There have been a number of recent cases in which the application of CPR 5.4C(2) has been considered1. From these cases, it is possible to derive the following general principles.

In contrast to the position under 5.4C(1) (third-party access to statements of case), there is no presumption that disclosure of the requested documents should be permitted.

The court should consider the reasons why the documents are sought and the use to which they will be put.

CPR 5.4C(2) only applies to documents that have been filed with the court, which will not necessarily include all documents referred to at trial.

There is a distinction between (1) documents which have been read in open court and (2) other documents which, though filed at court, have not been read by the judge. Anyone with a legitimate interest in documents falling within the first category should normally be allowed to have them. However, documents falling within the second category should not be made available as a matter of routine, but only if there are strong grounds for thinking that access to them is necessary in the interests of justice.

An interest in similar or related litigation can constitute a legitimate interest in obtaining documents from the court file.

The court will be more willing to give a non-party access to documents that relate to ongoing litigation than to documents relating to historic litigation. This is because open justice is primarily concerned with monitoring the decision-making process as it takes place, not with reviewing the process after the event. However, the fact that a piece of litigation has come to an end is not an absolute bar to disclosure of documents from the court file.

An applicant must adequately identify the documents, or classes of document it wishes to obtain. CPR 5.4C(2) does not entitle the applicant to inspect the whole file or conduct a ‘fishing expedition’.

The procedure should not in general 
be used for obtaining documents 
which are otherwise available from 
public sources.

When deciding whether to provide a 
non-party with documents from the court file, the court will balance the non-party’s reasons for wanting the documents against the interests of the party that filed the documents in restricting access to those documents. As part of this exercise, the court may order that redacted or anonymised versions of the documents be provided to the non-party or that the documents be provided subject to other restrictions. For example, in HSH Nordbank AG, London Branch v Saad Air (A320 No.2) Ltd & anor [2012], Field J ordered that a third party be provided with a copy of an application for summary judgment and supporting evidence, subject to the third party undertaking only to use those documents for the purpose of related legal proceedings.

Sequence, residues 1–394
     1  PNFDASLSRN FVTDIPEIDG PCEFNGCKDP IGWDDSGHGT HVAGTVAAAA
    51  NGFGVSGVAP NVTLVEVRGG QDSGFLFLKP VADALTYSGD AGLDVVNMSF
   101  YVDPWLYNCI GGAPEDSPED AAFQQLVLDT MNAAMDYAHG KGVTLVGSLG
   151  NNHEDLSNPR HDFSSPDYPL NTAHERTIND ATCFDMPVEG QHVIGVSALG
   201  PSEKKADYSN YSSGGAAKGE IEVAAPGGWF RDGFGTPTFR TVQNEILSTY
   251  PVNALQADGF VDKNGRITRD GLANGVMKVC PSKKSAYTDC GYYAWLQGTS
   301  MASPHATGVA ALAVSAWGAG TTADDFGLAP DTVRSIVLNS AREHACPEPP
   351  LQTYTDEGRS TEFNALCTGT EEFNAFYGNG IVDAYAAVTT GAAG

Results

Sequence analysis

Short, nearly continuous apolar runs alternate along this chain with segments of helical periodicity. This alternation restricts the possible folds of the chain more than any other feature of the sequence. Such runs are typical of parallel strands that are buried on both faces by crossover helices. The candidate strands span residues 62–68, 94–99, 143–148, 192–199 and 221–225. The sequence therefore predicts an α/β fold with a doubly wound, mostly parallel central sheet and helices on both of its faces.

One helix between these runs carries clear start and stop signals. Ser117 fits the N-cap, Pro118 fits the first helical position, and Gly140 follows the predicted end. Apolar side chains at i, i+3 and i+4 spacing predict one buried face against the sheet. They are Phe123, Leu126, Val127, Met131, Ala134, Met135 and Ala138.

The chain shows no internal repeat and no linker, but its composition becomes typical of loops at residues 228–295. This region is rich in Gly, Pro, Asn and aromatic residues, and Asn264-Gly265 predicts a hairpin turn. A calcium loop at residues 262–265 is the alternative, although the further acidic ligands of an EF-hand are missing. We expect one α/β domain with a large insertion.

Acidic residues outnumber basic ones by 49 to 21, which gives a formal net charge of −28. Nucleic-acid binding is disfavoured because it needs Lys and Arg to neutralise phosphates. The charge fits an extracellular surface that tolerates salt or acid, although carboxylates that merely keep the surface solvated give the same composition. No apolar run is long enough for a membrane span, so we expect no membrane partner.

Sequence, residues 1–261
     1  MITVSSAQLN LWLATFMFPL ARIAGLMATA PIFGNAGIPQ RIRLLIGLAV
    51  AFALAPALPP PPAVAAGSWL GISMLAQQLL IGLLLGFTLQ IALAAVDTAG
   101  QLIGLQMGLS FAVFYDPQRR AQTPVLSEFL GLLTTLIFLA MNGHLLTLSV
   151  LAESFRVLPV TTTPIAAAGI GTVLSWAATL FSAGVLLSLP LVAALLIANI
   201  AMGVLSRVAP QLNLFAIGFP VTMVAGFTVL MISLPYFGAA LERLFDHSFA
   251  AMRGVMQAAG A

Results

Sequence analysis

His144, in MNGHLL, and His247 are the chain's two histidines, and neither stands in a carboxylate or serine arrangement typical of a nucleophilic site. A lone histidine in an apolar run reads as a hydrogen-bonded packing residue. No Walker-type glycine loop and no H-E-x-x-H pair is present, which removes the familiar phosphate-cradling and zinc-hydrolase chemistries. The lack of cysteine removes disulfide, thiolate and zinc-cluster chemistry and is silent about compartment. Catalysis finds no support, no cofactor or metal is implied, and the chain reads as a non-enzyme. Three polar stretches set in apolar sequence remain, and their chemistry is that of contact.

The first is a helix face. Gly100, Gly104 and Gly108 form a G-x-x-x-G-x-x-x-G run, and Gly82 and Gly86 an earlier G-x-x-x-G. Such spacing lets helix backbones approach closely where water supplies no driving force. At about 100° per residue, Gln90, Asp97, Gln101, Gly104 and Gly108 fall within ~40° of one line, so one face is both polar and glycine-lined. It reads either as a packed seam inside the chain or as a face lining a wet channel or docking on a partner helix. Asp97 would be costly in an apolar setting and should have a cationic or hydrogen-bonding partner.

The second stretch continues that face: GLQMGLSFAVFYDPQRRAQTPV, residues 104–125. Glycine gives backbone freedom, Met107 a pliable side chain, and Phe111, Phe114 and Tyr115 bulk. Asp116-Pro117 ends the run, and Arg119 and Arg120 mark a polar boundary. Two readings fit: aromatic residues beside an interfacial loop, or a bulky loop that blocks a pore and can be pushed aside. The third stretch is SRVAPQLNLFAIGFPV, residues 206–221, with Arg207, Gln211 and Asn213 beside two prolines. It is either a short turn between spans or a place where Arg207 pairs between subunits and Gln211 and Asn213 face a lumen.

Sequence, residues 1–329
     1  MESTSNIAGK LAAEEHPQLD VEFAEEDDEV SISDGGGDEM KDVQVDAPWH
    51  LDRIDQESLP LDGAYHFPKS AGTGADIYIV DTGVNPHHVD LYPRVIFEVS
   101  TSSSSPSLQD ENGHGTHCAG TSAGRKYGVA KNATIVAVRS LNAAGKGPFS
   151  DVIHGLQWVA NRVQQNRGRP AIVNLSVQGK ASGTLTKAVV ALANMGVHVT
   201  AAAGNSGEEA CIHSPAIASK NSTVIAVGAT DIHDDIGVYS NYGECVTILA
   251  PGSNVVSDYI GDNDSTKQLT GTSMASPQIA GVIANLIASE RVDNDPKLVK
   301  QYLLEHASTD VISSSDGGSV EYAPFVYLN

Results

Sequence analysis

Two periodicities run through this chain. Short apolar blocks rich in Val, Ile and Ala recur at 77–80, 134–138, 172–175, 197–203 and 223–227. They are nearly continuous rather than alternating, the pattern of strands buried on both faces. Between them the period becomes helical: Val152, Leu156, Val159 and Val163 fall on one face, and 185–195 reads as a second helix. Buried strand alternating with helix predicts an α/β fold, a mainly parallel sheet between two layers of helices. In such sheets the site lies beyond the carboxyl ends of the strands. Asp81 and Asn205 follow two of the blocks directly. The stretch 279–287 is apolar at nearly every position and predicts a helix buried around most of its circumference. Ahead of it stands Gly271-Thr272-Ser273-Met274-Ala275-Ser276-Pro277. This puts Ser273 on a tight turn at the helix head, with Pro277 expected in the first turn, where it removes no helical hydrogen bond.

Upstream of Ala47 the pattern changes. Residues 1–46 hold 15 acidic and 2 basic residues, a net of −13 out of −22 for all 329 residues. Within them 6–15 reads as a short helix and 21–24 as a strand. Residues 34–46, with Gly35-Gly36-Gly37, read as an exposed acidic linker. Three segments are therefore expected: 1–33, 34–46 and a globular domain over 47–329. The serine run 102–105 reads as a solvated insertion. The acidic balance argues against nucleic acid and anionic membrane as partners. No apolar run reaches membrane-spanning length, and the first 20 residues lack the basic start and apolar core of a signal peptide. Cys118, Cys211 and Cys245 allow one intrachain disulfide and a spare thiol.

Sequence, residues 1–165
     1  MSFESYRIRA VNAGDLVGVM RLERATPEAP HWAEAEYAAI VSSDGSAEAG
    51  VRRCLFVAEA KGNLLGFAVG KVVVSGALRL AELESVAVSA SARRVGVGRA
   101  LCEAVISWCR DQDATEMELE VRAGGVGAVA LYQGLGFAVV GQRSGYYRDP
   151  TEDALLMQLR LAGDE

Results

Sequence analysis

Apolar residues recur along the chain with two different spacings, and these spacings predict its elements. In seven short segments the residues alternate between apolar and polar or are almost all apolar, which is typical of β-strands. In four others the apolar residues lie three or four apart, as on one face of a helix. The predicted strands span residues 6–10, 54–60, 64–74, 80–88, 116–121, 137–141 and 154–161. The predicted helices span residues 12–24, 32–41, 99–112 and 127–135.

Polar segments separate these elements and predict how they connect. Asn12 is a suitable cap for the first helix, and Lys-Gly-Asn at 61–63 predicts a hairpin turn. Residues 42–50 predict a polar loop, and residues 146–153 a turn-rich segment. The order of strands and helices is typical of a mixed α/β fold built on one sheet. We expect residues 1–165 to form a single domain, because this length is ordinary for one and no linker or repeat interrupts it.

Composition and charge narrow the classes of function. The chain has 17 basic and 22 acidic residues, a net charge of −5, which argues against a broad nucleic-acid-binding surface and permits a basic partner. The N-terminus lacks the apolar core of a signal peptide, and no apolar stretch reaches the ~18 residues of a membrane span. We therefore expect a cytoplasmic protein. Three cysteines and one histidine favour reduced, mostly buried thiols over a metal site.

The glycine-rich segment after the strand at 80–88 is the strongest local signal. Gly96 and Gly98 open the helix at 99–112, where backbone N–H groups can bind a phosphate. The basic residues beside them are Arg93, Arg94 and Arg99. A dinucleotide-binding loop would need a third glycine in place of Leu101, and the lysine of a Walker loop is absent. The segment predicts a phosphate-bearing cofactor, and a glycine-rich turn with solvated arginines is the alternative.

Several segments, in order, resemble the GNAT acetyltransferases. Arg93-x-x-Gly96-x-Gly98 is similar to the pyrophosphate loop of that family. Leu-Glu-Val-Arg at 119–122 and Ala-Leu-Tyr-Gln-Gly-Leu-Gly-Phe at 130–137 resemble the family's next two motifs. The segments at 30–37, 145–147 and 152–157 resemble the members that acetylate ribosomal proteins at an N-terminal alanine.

As well as the general considerations identified above, particular issues will arise in the context of applications to obtain copies of certain types of document.

Witness statements

CPR 5.4C(2) only entitles non-parties to obtain documents ‘from the records of the court’. Arguably, CPR 5.4C(2) does not apply to witness statements if they are exchanged between the parties but not filed at court (even if they are subsequently included in the trial bundles). Thus, in British Arab Commercial Bank v Algosaibi Trading Services Ltd [2011], Flaux J said that ‘witness statements do not form part of the court record or court file in the Commercial Court’, such that CPR 5.4C(2) did not apply.

However, the position is likely to be different where witness statements are placed on the court file. This may happen because the court exercises its power, under CPR 32(3)(b), to order that witness statements should be filed at court (as opposed to just being exchanged between the parties) or because, in the absence of such an order, the parties nevertheless decide to file their witness statements. Witness statements made in support of an interim application will usually be filed at court. In these circumstances, CPR 5.4C(2) will apply. In Pfizer Health Ab v Schwarz Pharma Ag [2010], for example, the court allowed a non-party to take copies of witness statements made in support of an application for directions.

Non-parties who wish to gain access to witness statements that have not been filed at court, may be able to rely on CPR 32.13(1), which provides that:

‘A witness statement which stands as evidence in chief is open to inspection during the course of trial unless the court otherwise directs’.

The difficulty with this provision is that 
it is limited to ‘inspection during the course of trial’. Strictly construed, therefore, 
CPR 32.13(1) does not appear to give 
non-parties the right to obtain copies of witness statements that they can take away with them or to have access to witness statements in advance of the trial or after it has concluded.

However, this strict approach arguably undermines the purpose of CPR 32.13(1), namely to enable non-parties to follow what is said in court. The production of witness statements removes the need for a witness to give live ‘evidence-in-chief’ at trial. After a witness has been sworn in and confirmed the truth of their witness statement, they will be cross-examined by the other side’s counsel. It is likely to be difficult for a non-party to follow what is said in cross-examination if they have not had a prior opportunity to read the witness’s statement. It is suggested, therefore, that judges will take a common-sense approach to this issue and, where appropriate, exercise their inherent jurisdiction to make an order that witness statements be provided to non-parties before witnesses go into the witness box. This is supported by the comment of Flaux J in British Arab Commercial Bank v Algosaibi that:

‘… in the context of a situation where it is anticipated that the witness will give evidence… the court would have had an inherent jurisdiction to say it is appropriate that [a non-party] should have the witness statements now before the witnesses go into the witness box so they do not have to be produced on a piecemeal basis.’